I’m pretty sure that after the initial “ooh”s and “aah”s have stopped echoing, the first thing a new Android (or iPhone) owner will do is head for the Marketplace and see what Apps and/or Widgets are available. There are a lot available – both free and paid – and it took me a lot of poking around, playing, and sometimes swearing, to get some that suit the way I work.
Here are a few I’ve found useful.
Tweetdeck – free, in beta
If you use Twitter or Facebook, this is a great app. While I loved the official Twitter and Facebook apps (also both free), Tweetdeck suits me much better. The only “downside” is that it’s currently in beta, and you need to sign up at the Tweetdeck site in order to download it.
I should note that Tweetdeck also allows you to connect to Buzz and Foursquare, but since I don’t use either of those, I have no idea how well they work.
Calwidget, The Weather Channel and Finance
The Samsung S comes with a widget called “Daily Briefing” that brings together weather forecasts, calendar display, stock market display and news. It takes up the full width of the screen, and (depending on what you select to be displayed) most of the height of it too. That, along with the lack of options, led me to look elsewhere.
Calwidget – Free
If you’re looking for a simple Calendar Widget for your Home Screen, then Calwidget is a good place to start. It’s simple to set up, allowing you to select the calendar(s) to display and how to display events for today and subsequent days. It has the perfect balance of options without overwhelming. It also has a huge range of sizes from 2×1, through every permutation right up to 4×4.
If you’re looking for even more options you might look into Pure Calendar Widget (agenda), which costs about €1.50. I found that while it had many more options, I couldn’t get it to be as ‘clean’ as Calwidget and so I dumped that and returned to my favourite.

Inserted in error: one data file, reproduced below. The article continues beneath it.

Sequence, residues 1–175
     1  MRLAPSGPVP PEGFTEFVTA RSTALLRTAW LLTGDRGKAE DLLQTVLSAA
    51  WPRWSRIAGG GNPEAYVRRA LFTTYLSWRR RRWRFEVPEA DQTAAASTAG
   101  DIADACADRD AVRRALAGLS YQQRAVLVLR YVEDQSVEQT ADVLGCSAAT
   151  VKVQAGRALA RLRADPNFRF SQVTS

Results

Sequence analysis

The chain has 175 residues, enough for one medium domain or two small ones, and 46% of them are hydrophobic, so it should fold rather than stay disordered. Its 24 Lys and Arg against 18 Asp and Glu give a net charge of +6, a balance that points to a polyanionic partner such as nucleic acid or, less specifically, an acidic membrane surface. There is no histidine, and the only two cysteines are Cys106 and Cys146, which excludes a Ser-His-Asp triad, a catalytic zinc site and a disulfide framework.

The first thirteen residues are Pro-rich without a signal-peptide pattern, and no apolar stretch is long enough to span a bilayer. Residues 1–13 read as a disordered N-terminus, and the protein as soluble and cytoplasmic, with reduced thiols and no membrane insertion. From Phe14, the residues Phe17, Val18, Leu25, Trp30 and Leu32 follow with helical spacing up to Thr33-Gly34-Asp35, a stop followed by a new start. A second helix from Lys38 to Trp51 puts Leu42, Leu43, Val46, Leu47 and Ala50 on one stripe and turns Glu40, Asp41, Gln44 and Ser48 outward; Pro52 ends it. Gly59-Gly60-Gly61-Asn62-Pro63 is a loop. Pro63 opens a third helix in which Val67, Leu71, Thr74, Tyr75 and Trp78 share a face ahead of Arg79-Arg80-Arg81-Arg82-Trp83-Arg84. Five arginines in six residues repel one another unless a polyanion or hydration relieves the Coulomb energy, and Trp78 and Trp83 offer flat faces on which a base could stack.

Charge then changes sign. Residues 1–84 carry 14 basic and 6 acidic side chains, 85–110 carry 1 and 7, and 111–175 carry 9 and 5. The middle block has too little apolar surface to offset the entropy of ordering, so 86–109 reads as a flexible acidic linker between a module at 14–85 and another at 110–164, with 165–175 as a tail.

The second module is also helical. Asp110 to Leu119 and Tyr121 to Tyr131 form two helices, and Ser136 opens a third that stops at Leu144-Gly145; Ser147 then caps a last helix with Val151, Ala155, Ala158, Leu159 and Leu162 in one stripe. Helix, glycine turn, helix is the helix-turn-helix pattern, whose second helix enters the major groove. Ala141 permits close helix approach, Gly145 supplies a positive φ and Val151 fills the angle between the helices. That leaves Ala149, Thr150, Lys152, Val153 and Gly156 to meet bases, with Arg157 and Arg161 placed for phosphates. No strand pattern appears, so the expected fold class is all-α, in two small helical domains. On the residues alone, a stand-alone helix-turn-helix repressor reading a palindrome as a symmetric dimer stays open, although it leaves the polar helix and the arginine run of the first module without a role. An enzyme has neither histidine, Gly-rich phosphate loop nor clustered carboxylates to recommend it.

The Weather Channel – Free
The Weather Channel provides three sizes of widget: Large (2×2), small (1×1) and wide, (4×1) giving a graphical indication of the current weather and temperatures. For me, apart from being simple to set up, the main bonus with this widget is the ability to display temperatures in Celcius. Yes, we Southern Antipodeans are strange.
This widget connects to Google Finance to retrieve information on your stock(s). It was a bit more complex to set this up than simply running the widget, but the compact, clean display (A 2×1 size for me) made up for that.
All-in-1 Calc – Free
My scientific/programmer’s calculator that I’ve had since my University days finally died, and it occurred to me that a smartphone should be able to handle all the functions I’d used on that dearly departed bit of tech. After playing with quite a few calculator packages, I settled on All-in-1 Calc.
All-in-1 handles standard calculator functions (including Memory storage and recall), all the usual scientific functions, various “universal constants” (Avagadro’s number, Planck’s Constant and so on), base conversion, logical operations and various unit conversions. While many calculators do all of these things (and some add graphing functionality), All-in-1 does it in a rather unique way. Instead of trying to jam all those functions on one screen, or making you press various buttons to change to the operations you want by swiping left and right. For me, this makes using All-in-1 a real joy in my work.
Talk – Free, Preinstalled; Yahoo Messenger – Free
On the Nokia N95 I used IM+ to connect to Google Talk and to Yahoo, the only two messengers I have friends on. Naturally, I installed it on the Galaxy S. However, I also played with the two official apps: Talk and Yahoo Messenger. IM+, while working beautifully in the Android world, didn’t feel as easy to use as the separate messenger programs. So IM+ has been removed, and I now use Talk and Yahoo Messenger instead. If you’re willing to pay a bit (About $US4.50), then you might want to try IM+, but give the official apps a try first.
Google Reader (gReader and NewsRob – Advertising Version/Paid Version)
Sorry to mislead you, but I have yet to find a decent Google Reader app. Google doesn’t provide one, and those I’ve played extensively with are slow and drag the phone performance down to unusable levels. Those two are gReader and NewsRob.
To be fair, NewsRob notes in its description that it’s slow on the Galaxy S. I’m not sure whether this means that (for whatever reason) the Galaxy S isn’t able to cope with any type of Google Reader, or whether there’s something that those coding Readers haven’t figured out yet.
To be continued…
There are many other applications/widgets that I’m still playing with that I’m not yet comfortable recommending. I’ll post about them if I ever do feel relaxed and comfortable.